The Elective course provides opportunity of geographical inquiry. The Stage statements for both Stage 4 and 5 have a whole paragraph emphasising the importance of geographical inquiry. There is an emphasis on problematic knowledge, with students required to investigate challenges, collect primary and secondary data, propose solutions and actions. Students are also required to investigate challenges from a range of different perspectives. Several of the topics allow for the exploration of an investigative study.
Interestingly the Elective course is focused almost solely on outcomes and content. The Mandatory Geography course also has inquiry questions to guide each topic and a content focus, neither of which are present in the Elective syllabus.
The topics in the new Elective Geography course are:
- Physical Geography
- Primary Production
- Australia's Neighbours
- Interactions and Patterns Along a Transcontinental Transect
- Global Citizenship
- Political Geography
- School-developed Option
A Life Skills course has been provided as part of the Elective course which aligns with topics of the mainstream course. This will make it manageable for teachers to deliver the Life Skills course within a mainstream classroom.
Information is provided on reporting and to guide assessment in both the mainstream and Life Skills course.
The syllabus and support documentation can be found on BOSTES:
BOSTES (formerly the Board of Studies) has recently released the new NSW Geography syllabus for review. This syllabus, unique to NSW, incorporates the Australian Curriculum for Geography already being implemented in other states in Australia.
The draft new syllabus can be found at the BOSTES website along with documents outlining the features of the documents for different groups (Primary, K-10, Life Skills). The draft document does not include a Senior Geography syllabus draft at this stage.
The consultation session will only run until August 29, 2014, so it is a fairly brief period.
There are a number of opportunities for people to become involved:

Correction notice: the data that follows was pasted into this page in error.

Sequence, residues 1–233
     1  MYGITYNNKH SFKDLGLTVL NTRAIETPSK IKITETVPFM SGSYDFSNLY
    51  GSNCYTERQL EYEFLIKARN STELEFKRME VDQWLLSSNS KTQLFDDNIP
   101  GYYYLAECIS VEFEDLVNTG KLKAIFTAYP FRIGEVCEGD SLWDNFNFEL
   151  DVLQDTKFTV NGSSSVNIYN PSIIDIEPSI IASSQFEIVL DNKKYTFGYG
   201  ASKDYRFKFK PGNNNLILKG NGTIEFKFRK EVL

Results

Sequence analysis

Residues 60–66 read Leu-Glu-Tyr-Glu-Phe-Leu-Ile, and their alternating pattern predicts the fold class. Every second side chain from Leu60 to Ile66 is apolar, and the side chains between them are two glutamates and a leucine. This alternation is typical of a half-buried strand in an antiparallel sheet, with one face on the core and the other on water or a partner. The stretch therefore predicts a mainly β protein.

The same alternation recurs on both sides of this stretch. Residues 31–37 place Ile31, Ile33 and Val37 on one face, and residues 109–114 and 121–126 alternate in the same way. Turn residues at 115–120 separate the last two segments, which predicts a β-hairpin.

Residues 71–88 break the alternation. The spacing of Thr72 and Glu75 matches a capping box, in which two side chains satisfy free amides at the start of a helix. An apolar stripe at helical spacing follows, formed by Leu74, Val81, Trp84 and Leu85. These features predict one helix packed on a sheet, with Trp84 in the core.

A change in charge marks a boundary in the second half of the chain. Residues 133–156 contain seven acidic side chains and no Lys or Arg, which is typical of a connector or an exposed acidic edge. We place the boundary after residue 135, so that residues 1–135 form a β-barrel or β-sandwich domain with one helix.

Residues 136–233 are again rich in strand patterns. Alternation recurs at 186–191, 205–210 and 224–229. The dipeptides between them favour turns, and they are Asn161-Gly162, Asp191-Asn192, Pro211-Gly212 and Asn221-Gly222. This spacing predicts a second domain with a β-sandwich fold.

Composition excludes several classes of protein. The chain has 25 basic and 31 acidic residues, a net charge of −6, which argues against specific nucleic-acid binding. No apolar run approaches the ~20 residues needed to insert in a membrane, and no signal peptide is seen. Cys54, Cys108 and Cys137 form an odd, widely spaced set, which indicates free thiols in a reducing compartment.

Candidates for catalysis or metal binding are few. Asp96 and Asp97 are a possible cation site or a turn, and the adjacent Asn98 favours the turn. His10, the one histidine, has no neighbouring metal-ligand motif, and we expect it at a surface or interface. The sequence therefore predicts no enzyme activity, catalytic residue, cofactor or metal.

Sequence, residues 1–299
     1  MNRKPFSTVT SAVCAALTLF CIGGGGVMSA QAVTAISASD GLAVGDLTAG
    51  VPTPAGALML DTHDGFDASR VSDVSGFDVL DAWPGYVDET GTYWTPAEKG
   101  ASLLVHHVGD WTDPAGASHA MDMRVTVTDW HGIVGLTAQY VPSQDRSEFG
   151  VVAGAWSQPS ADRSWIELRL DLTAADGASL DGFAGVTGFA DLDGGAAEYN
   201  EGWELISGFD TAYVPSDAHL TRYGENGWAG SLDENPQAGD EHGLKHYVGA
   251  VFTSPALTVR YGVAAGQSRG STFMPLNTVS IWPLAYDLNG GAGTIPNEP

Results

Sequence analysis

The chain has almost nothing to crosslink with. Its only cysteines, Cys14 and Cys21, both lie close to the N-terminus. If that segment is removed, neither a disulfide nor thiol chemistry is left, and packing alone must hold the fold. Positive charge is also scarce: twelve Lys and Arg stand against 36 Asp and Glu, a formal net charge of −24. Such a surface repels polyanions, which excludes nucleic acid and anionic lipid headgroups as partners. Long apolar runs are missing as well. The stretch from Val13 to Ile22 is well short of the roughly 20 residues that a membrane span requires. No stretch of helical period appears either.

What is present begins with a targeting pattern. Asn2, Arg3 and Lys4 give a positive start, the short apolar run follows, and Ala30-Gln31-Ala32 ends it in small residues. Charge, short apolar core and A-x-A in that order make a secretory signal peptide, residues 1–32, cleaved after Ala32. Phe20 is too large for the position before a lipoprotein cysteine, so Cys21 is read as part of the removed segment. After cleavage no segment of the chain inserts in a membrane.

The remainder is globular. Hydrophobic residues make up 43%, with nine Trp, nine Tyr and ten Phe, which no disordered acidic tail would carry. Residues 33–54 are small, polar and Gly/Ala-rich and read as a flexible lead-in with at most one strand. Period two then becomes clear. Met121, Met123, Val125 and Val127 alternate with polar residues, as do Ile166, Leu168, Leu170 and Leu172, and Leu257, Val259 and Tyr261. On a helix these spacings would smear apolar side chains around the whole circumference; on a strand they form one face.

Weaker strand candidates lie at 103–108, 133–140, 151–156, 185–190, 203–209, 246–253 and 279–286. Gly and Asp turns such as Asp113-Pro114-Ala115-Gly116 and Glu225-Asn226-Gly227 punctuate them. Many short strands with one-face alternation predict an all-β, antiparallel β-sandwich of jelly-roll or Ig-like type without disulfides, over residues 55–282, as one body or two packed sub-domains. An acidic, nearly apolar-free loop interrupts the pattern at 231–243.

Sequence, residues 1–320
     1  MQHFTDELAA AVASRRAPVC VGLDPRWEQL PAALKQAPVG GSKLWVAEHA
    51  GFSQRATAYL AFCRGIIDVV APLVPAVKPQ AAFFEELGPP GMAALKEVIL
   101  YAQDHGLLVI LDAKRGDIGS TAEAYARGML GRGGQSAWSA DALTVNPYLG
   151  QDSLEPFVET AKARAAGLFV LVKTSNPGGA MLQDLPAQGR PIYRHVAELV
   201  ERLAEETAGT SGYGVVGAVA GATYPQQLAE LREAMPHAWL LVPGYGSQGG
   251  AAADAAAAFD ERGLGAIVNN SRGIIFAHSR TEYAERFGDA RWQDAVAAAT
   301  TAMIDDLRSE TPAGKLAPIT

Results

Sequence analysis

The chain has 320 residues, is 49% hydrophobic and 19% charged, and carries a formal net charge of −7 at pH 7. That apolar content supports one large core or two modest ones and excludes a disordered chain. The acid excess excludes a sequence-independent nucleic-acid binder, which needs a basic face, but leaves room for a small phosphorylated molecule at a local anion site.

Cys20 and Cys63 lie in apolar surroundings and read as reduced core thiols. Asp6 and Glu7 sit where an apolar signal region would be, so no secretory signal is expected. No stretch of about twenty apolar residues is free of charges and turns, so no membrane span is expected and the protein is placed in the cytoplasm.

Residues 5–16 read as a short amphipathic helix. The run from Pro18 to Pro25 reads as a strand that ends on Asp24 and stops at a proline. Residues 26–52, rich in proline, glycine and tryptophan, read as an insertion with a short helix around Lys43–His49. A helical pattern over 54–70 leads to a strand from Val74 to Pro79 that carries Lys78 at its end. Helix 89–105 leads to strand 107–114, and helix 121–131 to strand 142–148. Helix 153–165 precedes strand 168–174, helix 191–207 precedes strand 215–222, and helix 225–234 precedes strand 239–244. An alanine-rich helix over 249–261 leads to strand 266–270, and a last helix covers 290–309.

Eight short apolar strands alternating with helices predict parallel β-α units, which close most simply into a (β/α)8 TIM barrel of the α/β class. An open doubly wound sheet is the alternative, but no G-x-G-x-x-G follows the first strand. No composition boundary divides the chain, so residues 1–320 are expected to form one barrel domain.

Individual responses to BOSTES
There is an online survey which can be filled in, which is fairly comprehensive but contains closed questions. The survey covers topics such as views on the rationale, aims, topics, whether current resources can be used, whether it caters for a full range of students, etc. You can also make more detailed written submissions which can be emailed directly to the Senior Project Officer, Geography, Brooke Prideaux (email available at the BOSTES page linked above).
A number of sessions have been organised by BOSTES during the consultation period. These are to be held at Liverpool, Pennant Hills, Gymea and Ashfield as well as regional sessions at Moruya, Coffs Harbour, Orange and Griffith. Each of these sessions require registration very soon. Check the above-linked BOSTES page for details and links to registration. This is being organised by Eventbrite, but I'm sure that Brooke would the any questions.
For teachers in NSW Public Schools, the DEC Learning and Leadership Directorate are holding consultation sessions to put together a submission on behalf of the DEC. This will be done using Adobe Connect, and registration should be completed through the DEC's Professional Learning database and management system MyPL. The title is "Secondary consultation on the draft Geography K-10 Syllabus" (Course Code: NR06641). This is to take place on Monday 28 July 3.30pm – 4:30 pm. Alana Ellis, the Relieving HSIE Advisor 7-12 is the contact person, and can be contacted through her DEC email.
Professional Associations and informal groups:
Interestingly, the NSWGTA Annual Conference falls mid way through the consultation period. I suspect that while there doesn't appear to be a consultation session on the agenda (the agenda was released before the draft syllabus) that there may be some slight rearranging of the program to allow time for it.
Online groups, such as Geography Teachers Online Australia (Facebook group) are already abuzz with discussions regarding various parts of the new syllabus. This is a great way to hear a few different perspectives and get involved in the debate.
Don't forget that sometimes the best discussions can happen face to face in your own faculty. Consider what the difficulties are of the current syllabus for your students. Will the new syllabus solve these problems? Are there new issues? How will your students cope with the content? Will they find it interesting? What resources do you currently use that will fit in with new syllabus? What are the areas that are going to need a lot of work?